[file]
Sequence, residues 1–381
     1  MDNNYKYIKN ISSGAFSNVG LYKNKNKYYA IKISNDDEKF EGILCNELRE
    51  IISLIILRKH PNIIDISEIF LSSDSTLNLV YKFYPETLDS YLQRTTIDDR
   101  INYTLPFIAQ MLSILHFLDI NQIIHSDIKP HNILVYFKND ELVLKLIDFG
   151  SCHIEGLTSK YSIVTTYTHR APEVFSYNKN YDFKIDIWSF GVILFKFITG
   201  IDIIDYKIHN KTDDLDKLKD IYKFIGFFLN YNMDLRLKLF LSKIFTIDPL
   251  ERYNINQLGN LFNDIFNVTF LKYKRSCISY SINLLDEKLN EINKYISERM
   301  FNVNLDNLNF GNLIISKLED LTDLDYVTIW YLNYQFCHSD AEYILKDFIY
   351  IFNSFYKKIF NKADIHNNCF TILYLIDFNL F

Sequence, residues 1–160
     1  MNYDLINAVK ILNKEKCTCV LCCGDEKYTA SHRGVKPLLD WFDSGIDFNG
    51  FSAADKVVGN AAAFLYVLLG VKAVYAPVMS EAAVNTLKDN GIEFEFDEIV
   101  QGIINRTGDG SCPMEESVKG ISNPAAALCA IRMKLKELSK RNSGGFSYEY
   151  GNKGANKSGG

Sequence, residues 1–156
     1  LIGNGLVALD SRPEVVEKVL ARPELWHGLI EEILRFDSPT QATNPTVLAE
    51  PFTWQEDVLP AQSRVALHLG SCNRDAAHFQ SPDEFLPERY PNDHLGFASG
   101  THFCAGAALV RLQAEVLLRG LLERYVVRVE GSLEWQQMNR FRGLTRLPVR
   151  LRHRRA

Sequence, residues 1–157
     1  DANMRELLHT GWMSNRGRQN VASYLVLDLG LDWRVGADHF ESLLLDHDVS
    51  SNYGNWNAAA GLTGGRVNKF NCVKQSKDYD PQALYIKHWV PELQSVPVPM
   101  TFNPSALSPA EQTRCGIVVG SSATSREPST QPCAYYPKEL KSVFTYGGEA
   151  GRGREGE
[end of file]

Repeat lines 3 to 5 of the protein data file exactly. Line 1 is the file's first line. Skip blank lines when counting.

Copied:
    51  IISLIILRKH PNIIDISEIF LSSDSTLNLV YKFYPETLDS YLQRTTIDDR
   101  INYTLPFIAQ MLSILHFLDI NQIIHSDIKP HNILVYFKND ELVLKLIDFG
   151  SCHIEGLTSK YSIVTTYTHR APEVFSYNKN YDFKIDIWSF GVILFKFITG